“…it has been my purpose in this labour to prepare and instruct candidates in sacred theology for the reading of the divine Word, in order that they may be able both to have easy access to it and to advance in it without stumbling.  For I believe I have so embraced the sum of religion in all its parts, and have arranged it in such an order, that if anyone rightly grasps it, it will not be difficult for him to determine what he ought especially to seek in Scripture, and to what end he ought to relate its contents.”

There’s his purpose, then: he wants to give his reader a broad overview of Scripture’s teaching so that one can understand Scripture better, both in its direct teaching and in its actual application in daily living. 

Given this purpose, it’s perhaps desirable that we dust off our copies of Calvin’s Institutes and read his book again.  A number of chapters at a time could even serve as good discussion material for a Bible study evening.

One more thing

Perhaps you’re familiar with Calvin’s signet: a heart held in a huge hand, bearing the (Latin) words prompte et sincere in opere Dei (“promptly and sincerely in the work of God”).  This was Calvin to the core: so taken was he by God’s identity and the resulting wealth of the gospel that he gave his entire self readily and whole-heartedly to the service of this God.  He slept but four hours a night, and kept on working even when he was sick (which he often was).  When he was once encouraged to take time off, he rebuked his well-meaning advisor with this question: shall my God find me idle?!  Such was his devotion to the cause of the Lord.  Zeal for his God consumed him, so that he received from his Master the crown of glory at the relatively young age of 55.  No one today knows where he was buried, and that’s exactly the way Calvin wanted it.  For it wasn’t about Calvin; it was all about the God who used Calvin so marvellously for His church gathering work in Europe five centuries ago – and around the world ever since.  It’s indeed fact: the Lord God has blessed Calvin’s work enormously, to the point that Calvin’s work has truly been foundational to western culture as we know it today.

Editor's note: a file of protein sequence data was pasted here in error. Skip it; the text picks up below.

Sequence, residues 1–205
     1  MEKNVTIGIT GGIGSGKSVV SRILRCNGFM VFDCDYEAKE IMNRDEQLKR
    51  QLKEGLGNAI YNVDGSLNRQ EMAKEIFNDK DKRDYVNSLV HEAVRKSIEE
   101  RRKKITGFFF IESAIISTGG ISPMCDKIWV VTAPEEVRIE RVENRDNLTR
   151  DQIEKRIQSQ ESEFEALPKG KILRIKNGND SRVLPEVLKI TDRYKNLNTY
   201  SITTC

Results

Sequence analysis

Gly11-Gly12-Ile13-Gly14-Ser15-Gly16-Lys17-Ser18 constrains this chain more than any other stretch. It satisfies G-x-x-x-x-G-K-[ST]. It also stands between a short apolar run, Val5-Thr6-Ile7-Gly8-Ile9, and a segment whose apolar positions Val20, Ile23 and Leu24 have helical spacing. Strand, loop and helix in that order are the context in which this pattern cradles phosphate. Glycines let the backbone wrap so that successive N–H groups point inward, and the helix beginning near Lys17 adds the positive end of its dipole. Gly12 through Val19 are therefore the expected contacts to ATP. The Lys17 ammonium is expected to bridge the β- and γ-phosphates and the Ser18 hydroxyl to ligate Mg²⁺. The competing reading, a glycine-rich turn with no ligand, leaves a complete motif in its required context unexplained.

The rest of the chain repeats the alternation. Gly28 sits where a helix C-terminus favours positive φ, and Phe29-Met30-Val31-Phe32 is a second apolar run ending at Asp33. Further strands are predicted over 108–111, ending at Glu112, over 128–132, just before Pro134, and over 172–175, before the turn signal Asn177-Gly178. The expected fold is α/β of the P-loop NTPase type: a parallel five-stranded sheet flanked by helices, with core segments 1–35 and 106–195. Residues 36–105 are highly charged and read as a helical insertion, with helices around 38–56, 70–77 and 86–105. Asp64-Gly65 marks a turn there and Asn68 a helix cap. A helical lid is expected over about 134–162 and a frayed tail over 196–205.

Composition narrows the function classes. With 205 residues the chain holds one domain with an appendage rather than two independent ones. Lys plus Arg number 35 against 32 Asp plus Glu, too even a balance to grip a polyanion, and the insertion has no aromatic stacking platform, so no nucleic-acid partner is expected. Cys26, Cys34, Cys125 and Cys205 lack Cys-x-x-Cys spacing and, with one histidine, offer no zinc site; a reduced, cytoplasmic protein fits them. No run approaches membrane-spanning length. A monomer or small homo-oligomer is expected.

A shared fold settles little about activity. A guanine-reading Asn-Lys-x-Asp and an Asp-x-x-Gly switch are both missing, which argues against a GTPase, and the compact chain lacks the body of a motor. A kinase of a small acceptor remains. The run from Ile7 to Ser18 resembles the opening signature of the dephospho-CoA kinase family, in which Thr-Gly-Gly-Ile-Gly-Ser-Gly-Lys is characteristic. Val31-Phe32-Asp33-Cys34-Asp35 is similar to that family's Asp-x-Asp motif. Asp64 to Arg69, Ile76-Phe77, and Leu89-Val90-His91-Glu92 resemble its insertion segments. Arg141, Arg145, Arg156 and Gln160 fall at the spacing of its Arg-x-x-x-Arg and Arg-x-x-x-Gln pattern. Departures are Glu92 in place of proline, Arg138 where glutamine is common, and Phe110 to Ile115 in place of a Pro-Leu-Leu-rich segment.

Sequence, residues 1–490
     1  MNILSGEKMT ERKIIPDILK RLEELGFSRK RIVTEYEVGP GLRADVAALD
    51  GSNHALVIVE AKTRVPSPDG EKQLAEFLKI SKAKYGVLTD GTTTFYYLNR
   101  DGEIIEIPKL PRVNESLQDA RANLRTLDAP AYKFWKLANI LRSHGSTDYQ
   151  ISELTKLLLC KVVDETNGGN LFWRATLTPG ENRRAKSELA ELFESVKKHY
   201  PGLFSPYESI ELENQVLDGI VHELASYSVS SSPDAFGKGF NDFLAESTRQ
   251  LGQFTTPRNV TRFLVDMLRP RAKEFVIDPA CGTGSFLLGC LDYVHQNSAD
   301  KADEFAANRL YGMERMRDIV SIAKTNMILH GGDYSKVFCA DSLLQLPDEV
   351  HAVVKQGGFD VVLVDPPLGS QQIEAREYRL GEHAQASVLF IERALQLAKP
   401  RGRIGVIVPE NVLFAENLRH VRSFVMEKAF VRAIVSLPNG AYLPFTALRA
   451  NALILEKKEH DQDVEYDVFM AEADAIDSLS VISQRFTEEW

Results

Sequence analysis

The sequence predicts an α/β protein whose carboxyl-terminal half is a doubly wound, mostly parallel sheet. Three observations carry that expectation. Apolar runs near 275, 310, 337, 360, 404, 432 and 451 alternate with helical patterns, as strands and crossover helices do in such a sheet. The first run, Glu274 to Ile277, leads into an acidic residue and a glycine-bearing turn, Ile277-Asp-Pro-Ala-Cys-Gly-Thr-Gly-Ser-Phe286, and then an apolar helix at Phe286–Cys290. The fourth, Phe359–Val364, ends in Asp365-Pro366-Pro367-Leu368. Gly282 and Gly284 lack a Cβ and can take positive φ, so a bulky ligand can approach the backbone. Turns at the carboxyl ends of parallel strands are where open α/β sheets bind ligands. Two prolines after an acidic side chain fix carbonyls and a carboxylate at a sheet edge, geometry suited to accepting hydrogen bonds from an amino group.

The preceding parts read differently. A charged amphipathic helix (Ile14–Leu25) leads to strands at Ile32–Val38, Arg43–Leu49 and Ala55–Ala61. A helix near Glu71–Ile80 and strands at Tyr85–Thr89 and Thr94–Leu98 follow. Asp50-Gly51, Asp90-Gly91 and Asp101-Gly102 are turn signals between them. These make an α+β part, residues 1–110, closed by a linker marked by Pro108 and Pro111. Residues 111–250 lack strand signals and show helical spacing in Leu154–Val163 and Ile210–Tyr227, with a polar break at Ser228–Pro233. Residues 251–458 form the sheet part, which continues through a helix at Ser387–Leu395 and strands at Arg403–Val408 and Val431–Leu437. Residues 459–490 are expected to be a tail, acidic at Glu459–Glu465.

And why it was foundational?  Why, it’s because Calvin took the Word of God so seriously, and received from the Lord the privilege to understand its plain sense and communicate this sense to the people of the street through his preaching and his writing.  That’s why, in this 500th anniversary of Calvin’s birth, it is fitting that we reacquaint ourselves with the work of the man who looms so large in our heritage – both as Canadians as well as Canadian Reformed people in Canada.  To be a force for change in our land, we do well to follow Calvin as he followed the Light God has given for man’s path – His Word.

C Bouwman
9 October 2009